If you don’t know the name Raúl Ruiz, the upcoming retrospective at the Film Society of Lincoln Center, will make sure you don’t forget it. The Chilean auteur, who would have celebrated his 75th birthday this year, made a career out of producing hypnotic and inventive films that pushed the form of cinema near its breaking point. If you have yet to encounter one of his films, there’s no excuse now.
In “Life is a Dream: The Films of Raúl Ruiz” New York audiences will get a chance to revisit some the full range of the director’s vision. With films that cross borders and genres with abandon — from his feature debut in Chile (1968’s Three Sad Tigers) to his Catherine Deneuve-starring Marcel Proust adaptation (1999’s Time Regained) — the first part of this retrospective is a chance to see the work of one of the most renowned Latin American auteurs.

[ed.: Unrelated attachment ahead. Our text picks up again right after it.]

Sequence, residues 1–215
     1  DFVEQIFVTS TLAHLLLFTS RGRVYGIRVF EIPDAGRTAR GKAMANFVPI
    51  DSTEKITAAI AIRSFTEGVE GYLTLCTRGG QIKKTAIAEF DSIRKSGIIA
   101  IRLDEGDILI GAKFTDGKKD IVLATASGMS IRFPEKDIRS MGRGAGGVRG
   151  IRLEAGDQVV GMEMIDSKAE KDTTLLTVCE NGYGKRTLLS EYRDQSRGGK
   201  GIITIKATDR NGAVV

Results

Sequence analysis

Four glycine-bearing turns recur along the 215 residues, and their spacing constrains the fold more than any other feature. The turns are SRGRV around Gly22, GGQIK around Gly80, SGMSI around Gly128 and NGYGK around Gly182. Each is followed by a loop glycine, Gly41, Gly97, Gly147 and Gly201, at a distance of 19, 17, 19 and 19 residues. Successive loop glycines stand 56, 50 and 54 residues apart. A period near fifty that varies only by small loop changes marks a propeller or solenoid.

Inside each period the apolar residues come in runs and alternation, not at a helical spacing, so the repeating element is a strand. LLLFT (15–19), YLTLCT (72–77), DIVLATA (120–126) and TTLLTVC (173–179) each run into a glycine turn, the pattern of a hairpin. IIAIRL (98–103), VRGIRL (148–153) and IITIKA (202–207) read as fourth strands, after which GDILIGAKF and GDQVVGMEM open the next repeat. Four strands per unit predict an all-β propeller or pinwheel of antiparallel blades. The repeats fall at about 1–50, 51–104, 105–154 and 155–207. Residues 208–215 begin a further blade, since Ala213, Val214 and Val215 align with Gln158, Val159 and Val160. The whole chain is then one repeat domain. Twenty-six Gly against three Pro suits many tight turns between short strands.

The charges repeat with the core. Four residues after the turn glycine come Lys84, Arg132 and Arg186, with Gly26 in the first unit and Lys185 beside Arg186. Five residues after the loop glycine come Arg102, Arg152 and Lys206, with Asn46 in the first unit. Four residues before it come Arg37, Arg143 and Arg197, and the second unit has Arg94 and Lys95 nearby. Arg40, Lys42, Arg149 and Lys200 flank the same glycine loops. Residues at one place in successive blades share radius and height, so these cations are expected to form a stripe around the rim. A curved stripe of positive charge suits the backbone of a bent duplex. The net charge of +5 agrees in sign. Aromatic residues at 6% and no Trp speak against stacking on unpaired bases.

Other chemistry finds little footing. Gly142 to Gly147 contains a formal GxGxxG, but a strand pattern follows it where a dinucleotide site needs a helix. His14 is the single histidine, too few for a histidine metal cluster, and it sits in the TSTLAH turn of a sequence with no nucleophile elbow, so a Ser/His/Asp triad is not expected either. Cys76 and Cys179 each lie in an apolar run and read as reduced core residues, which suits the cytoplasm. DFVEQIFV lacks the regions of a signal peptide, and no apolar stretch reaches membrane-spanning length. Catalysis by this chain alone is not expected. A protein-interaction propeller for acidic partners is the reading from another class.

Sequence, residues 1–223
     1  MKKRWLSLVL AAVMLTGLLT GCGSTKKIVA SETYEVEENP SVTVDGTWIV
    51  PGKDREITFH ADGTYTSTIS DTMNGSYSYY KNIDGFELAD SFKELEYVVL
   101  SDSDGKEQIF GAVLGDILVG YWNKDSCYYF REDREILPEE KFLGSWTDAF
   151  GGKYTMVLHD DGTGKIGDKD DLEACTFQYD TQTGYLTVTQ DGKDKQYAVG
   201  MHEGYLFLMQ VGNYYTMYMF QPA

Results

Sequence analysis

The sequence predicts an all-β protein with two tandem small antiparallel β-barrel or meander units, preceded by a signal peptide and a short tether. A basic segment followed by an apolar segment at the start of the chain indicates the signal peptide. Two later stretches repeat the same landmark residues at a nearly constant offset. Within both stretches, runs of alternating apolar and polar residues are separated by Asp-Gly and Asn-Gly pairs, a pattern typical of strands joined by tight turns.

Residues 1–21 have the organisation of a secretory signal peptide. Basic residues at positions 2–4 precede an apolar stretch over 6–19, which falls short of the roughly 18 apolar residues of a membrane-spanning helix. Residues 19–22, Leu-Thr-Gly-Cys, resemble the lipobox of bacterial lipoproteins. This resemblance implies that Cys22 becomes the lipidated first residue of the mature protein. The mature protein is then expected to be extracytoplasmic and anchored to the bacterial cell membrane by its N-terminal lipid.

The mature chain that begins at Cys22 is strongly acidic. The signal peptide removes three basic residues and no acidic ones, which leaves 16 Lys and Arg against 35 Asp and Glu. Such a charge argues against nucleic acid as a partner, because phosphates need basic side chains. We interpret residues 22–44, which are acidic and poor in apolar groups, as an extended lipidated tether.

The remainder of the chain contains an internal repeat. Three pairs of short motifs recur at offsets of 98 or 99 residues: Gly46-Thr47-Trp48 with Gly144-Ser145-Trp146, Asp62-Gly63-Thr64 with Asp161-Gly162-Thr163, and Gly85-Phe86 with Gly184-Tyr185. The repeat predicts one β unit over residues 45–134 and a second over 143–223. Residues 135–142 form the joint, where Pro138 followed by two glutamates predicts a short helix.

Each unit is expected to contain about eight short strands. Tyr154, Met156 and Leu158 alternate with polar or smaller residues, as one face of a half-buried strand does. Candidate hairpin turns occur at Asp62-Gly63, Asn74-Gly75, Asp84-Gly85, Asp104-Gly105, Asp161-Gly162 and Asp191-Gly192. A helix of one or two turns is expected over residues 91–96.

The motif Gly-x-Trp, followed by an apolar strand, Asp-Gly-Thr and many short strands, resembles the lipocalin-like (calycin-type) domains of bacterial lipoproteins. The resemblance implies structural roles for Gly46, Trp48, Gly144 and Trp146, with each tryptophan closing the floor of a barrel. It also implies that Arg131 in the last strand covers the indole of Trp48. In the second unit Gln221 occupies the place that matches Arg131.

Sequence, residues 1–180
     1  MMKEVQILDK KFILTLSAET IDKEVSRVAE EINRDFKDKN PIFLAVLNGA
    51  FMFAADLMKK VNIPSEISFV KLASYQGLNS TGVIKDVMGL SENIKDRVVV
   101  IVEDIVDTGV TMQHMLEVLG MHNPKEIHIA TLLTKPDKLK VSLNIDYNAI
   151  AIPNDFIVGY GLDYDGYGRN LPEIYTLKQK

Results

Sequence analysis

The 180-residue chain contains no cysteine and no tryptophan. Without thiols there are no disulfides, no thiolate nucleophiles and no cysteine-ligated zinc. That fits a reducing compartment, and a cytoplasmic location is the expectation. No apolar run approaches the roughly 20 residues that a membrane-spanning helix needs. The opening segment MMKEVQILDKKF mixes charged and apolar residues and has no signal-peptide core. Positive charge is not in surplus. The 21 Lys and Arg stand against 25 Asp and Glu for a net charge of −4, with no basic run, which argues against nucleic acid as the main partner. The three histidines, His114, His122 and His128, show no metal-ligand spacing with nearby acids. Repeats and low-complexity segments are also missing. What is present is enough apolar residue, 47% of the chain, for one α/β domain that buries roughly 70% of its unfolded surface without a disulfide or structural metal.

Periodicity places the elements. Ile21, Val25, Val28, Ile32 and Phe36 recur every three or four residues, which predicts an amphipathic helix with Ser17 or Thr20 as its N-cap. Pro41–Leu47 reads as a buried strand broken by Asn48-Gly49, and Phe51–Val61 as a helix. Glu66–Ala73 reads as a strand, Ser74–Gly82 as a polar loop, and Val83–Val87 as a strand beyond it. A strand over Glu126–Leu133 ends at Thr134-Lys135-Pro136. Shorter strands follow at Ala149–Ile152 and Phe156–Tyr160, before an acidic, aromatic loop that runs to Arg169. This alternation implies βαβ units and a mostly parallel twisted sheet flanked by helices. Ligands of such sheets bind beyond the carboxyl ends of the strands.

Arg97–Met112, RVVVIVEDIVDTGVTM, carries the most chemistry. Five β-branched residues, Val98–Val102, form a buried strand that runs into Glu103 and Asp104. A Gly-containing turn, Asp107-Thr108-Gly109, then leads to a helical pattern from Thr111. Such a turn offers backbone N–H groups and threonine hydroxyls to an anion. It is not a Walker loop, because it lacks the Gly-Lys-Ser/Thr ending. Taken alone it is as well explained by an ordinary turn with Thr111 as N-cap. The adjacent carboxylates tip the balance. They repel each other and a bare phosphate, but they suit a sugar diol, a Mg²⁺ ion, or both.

Ruiz, who began his career in his native Chile where he set himself apart from the more politically oriented filmmakers at the time, ended up relocating to Paris with his wife and frequent collaborator, Valeria Sarmiento. The reason, of course, was the coup d’etat that put Augusto Pinochet in power. In Europe, the director set free his literary and dream-like fantasies, creating features that defied labels and which had him produce films in French (Three Lives and Only One Death), English (The Golden Boat), Spanish (La Recta Provincia) and even Portuguese (Mysteries of Lisbon). He adapted impossibly to adapt novels, turned Chilean folklore into hard-to-follow narratives, and even created internationally-acclaimed transnational miniseries that spanned Brazil, Portugal, France and Italy. What binds these projects together is Ruiz’s playful, even surrealist, sensibility that is as interested in telling a story as it is in dismantling what a story can or should be.
Life is a Dream: The Films of Raúl Ruiz (Part 1) runs at the Film Society of Lincoln Center December 2-22, 2016 in Manhattan.